Professor Heuberger, cognitive sensor technology is one of the Institute’s two main themes, along with audio and media technologies. Why did the Institute decide to make these two research areas its main themes?
The choice of audio and media technologies was quite straightforward. This is a very high-profile research area, and one where we are global leaders in technology. That is why we will continue to drive it forward on a strategic level and have made it one of our main themes.
For our second theme, we focused on identifying what connects all the research that we do in different areas – and it is the development and use of sensor technology that is becoming increasingly cognitive. In “cognitive sensor technologies”, we have come up with a handy term that draws together the different strands of our work. “Cognitive” in this context means that the sensors don’t just capture measurements and pre-process them using conventional signal processing methods, but are also capable of drawing conclusions from those values.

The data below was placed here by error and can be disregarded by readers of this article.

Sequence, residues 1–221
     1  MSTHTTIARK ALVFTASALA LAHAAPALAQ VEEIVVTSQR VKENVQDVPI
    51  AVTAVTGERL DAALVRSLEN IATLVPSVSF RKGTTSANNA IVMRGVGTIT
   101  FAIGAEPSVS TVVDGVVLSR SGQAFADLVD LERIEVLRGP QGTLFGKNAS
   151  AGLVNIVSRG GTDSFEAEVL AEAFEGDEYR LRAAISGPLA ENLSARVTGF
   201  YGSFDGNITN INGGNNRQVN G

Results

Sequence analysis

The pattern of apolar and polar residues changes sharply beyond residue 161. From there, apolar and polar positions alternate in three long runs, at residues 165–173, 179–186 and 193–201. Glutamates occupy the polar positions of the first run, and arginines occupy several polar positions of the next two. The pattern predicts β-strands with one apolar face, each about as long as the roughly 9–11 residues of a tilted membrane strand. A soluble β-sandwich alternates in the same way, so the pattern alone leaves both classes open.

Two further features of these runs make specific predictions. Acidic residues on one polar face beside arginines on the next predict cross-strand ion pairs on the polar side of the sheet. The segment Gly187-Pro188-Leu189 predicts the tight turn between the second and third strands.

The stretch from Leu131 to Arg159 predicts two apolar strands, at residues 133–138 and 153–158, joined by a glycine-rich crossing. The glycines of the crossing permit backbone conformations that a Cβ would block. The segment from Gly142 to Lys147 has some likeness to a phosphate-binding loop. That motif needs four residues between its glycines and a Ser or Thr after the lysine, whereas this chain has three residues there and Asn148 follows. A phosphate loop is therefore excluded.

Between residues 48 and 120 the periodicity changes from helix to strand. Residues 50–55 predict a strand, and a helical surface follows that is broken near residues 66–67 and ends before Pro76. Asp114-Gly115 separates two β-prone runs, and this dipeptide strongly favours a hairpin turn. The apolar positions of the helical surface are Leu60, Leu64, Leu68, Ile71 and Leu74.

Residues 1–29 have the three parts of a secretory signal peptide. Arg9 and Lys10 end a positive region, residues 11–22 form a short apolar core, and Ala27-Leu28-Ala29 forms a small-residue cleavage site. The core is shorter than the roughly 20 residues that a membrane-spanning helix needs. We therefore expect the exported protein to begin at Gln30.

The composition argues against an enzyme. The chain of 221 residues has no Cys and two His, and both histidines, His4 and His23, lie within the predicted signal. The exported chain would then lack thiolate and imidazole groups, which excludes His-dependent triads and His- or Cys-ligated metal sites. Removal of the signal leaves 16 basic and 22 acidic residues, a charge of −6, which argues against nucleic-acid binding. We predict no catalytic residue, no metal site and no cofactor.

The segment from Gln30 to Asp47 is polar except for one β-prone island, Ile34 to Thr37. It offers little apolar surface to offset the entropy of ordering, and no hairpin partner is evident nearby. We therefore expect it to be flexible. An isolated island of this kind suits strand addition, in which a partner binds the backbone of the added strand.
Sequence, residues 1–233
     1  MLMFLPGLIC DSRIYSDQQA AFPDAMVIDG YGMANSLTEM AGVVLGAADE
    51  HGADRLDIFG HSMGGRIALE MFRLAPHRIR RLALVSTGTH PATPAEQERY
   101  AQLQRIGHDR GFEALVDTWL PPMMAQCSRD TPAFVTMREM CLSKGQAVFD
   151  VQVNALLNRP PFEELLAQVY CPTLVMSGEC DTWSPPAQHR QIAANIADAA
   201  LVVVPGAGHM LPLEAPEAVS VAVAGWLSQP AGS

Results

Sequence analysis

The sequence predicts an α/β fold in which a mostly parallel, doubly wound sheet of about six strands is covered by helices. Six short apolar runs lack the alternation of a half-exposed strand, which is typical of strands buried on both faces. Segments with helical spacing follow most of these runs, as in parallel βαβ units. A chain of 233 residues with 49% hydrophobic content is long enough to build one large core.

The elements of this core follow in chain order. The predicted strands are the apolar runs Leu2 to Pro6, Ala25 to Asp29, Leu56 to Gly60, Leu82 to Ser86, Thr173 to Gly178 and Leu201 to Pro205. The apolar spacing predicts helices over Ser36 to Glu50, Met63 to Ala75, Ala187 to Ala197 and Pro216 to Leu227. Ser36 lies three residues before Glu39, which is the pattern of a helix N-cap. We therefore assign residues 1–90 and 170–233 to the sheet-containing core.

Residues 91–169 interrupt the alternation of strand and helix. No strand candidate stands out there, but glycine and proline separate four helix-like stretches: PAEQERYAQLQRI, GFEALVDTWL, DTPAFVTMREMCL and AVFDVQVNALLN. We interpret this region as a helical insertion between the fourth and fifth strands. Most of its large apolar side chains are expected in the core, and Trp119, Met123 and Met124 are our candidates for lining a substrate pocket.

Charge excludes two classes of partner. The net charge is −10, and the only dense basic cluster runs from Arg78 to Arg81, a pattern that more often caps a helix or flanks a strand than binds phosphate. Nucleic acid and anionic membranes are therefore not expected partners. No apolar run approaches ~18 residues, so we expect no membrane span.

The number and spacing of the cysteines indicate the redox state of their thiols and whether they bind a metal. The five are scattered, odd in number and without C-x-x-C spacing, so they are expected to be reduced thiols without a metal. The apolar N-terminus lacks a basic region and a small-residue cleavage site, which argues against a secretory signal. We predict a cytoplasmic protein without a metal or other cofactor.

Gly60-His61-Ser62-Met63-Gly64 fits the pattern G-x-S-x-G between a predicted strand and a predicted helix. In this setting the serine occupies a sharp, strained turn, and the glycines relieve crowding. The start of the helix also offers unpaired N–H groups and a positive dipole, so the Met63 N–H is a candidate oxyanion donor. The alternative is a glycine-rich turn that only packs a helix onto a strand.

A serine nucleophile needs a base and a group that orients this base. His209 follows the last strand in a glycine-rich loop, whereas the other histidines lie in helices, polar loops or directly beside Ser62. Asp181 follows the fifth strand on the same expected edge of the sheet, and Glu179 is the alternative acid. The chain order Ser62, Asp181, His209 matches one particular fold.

Are you saying that the sensors think?
That is a bit of a stretch. However, they are equipped with additional capabilities based on machine learning processes. That enables the sensors to build up empirical knowledge from their environment, so that they can work out particular patterns and trends from the signals.
So the thing that is new about this kind of sensor technology is that the sensors learn independently?
Yes. Because we are now also using processes based on machine learning in our work on sensor technology and data transmission, we can do a lot more analysis. The findings from that can form the basis for possible business logics. There is very little more we can achieve using the traditional suite of signal processing technologies. The additional technology of machine learning can open up a whole new range of possibilities. That work is already well underway.